The Department of Preventive Medicine at UTHSC is conducting a research study on urinary urge incontinence in women over the age of 18. Women with frequent urinary urges or an “overactive bladder” are encouraged to participate.
The Department of Preventive Medicine at the University of Tennessee Health Science Center (UTHSC) is conducting a research study on urinary urge incontinence in women over the age of 18. The research, referred to as the “Bridges” study, could mean that help is on the way for a distressing problem that affects a wide range of women. Recruitment for study volunteers is currently in progress. Women with frequent urinary urges or an “overactive bladder” are encouraged to participate.
Nearly 35 percent of women over the age of 40 experience urinaryincontinence, which is associated with increased social isolation, falls and fractures. Women report that urinary incontinence is uncomfortable and embarrassing, and the inconvenience prompts them to seek treatment from their primary health care providers. However, primary care providers often have difficulty accurately diagnosing the specific type of urinary incontinence experienced by a woman. If this common condition could be precisely diagnosed and treated by the primary care provider, the advancement would mean a considerable public health benefit for women.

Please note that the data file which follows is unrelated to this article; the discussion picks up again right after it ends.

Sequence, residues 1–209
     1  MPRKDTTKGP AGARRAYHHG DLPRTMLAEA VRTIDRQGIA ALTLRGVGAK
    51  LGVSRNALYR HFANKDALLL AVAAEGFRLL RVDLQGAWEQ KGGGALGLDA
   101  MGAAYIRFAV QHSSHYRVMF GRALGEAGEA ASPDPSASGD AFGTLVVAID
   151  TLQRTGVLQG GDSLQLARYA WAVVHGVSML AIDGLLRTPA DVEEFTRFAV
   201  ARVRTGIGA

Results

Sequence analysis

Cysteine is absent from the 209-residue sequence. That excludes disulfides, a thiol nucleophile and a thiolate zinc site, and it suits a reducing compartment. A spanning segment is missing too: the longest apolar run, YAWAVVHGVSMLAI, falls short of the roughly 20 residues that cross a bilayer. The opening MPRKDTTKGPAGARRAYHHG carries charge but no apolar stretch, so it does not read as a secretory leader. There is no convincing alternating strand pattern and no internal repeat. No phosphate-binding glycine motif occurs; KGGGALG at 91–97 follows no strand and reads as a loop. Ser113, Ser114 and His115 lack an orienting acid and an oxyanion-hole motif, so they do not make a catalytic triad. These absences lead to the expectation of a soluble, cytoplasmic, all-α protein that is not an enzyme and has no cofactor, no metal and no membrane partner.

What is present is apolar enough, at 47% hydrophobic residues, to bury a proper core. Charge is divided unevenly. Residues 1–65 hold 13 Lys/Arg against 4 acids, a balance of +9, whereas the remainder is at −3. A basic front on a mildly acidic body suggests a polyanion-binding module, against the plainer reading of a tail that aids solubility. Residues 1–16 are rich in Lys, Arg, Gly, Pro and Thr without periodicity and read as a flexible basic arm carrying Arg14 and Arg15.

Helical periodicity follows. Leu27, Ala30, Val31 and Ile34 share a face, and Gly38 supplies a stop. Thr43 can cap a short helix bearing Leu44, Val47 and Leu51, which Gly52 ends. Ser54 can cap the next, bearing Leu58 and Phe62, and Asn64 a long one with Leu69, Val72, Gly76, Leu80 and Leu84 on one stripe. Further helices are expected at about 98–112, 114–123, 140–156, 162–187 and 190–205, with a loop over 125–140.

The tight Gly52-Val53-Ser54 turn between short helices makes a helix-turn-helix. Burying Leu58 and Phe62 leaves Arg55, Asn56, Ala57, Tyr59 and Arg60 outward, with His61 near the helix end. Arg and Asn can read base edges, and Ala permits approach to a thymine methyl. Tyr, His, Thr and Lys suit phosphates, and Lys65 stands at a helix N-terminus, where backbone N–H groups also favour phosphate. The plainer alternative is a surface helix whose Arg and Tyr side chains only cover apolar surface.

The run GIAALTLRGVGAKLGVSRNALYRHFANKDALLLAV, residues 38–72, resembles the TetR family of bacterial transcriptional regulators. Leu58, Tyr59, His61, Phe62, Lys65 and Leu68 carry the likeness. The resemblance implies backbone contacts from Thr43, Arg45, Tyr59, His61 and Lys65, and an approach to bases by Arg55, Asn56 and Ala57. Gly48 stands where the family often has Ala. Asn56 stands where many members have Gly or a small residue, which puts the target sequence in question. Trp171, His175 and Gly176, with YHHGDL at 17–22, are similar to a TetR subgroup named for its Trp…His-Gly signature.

The Bridges study’s purpose is to determine if answers to a simple questionnaire can provide an accurate diagnosis of urinary urge incontinence that could be used by primary care providers. To treat women diagnosed with this problem, Bridges is using an FDA-approved medicine for urge incontinence called “fesoterodine” (Toviaz